Ironbark © Gwen & Rodger Elliot/RBGV

Ironbark

Eucalyptus tricarpa

Tree up to 35 m tall. The bark is rough over whole trunk and branches, thick, hard, grooved, black (ironbark).

Leaves

Juvenile leaves petiolate (have a stalk), are opposite for a few pairs then alternate, narrowly to broadly tapering to a point, to 17 cm long and 4 cm wide, more or less discolorous, green or greyish-green or glaucous (covered with a a greyish, bluish, or whitish powder or waxy coating).

Adult leaves petiolate, alternate, lance-head shaped, 9.5 – 22 cm long and 1 – 2 cm wide, concolorous (the lower leaf surface distinctly different in colour from the upper), green or glaucous; reticulation dense with numerous intersectional oil glands.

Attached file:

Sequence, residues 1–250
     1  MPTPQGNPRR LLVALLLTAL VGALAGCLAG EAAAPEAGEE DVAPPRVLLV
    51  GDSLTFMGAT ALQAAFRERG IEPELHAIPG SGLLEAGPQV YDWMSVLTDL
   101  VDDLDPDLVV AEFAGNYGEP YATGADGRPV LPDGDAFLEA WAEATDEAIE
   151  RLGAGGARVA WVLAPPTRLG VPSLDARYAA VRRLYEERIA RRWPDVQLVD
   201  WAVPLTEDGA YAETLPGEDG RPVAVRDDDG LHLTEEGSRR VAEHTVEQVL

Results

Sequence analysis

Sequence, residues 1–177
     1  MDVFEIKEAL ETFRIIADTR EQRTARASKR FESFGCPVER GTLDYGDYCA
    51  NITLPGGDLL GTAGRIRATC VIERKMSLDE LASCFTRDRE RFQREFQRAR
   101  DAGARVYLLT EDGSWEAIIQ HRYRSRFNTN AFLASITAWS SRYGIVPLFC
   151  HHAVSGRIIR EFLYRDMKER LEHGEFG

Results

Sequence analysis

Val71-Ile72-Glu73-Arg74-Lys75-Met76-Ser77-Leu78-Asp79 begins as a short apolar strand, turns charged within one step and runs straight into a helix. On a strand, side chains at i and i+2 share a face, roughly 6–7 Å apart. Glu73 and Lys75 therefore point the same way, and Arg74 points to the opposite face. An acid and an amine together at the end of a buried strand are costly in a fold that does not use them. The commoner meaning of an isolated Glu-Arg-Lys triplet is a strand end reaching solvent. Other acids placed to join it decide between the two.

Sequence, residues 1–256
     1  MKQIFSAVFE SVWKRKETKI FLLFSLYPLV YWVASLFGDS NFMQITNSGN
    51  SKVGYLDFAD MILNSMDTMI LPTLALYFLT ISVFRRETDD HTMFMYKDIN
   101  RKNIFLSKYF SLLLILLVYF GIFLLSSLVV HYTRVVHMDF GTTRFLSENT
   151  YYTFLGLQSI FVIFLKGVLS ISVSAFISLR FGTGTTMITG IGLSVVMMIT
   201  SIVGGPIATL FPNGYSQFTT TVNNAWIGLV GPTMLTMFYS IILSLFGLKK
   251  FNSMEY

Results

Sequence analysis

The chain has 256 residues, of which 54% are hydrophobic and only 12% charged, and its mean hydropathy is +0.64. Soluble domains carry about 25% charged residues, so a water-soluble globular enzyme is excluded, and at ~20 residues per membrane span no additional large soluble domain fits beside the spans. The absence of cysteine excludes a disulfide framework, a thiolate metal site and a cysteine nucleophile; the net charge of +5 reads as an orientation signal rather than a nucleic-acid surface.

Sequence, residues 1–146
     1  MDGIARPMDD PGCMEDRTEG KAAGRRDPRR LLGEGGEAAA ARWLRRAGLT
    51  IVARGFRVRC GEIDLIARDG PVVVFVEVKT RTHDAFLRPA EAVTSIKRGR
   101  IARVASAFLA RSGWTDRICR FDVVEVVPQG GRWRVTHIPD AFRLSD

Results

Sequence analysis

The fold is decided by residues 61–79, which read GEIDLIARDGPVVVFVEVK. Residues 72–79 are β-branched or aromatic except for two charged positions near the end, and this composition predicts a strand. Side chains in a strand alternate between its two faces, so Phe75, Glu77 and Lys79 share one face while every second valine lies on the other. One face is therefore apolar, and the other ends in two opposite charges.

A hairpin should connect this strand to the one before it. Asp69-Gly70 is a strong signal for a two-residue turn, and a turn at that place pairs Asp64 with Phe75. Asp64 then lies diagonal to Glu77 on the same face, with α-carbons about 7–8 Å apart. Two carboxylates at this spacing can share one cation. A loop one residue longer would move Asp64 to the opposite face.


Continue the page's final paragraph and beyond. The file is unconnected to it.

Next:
Flowers

It blooms producing inflorescences with flowers that are white, rarely pink. Keep an eye out for the flower caps that cover developing flowers and may fall on the ground at the end of flowering.

Fruits/Seeds

Fruits are truncate (end abruptly as it cut off across the tip), spherical and 1.4 cm long and 1.4 cm diameter. The seed is brown, irregularly egg-shaped and slightly flattened.

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What to Observe

  • First fully open single flower

  • Full flowering (record all days)

  • End of flowering (when 95% of the flowers have faded)

  • No flowering

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When and Where

When To Look

  • Between February and November
  • Late winter for fallen flower caps

Where To Look

  • Victoria and NSW
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What Else?

Similar Species

Ironbark and E. sideroxylon differ from all other ironbarks by the retention of the outer operculum until flowering.